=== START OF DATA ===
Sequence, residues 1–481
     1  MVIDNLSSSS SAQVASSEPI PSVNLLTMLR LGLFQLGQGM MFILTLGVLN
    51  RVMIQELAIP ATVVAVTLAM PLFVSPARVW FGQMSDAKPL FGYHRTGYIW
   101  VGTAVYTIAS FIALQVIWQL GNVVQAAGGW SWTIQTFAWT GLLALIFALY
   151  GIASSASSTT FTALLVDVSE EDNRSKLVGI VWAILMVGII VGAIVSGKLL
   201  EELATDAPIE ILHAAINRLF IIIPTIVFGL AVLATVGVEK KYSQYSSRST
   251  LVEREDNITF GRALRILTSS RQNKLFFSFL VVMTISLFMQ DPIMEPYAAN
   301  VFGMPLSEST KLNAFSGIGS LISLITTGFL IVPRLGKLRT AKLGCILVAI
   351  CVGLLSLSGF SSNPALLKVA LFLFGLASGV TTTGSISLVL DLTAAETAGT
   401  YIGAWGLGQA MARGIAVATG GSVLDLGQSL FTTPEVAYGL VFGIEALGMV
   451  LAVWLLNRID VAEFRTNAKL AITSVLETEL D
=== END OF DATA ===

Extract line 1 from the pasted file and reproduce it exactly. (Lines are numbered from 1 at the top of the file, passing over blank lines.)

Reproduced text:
Sequence, residues 1–481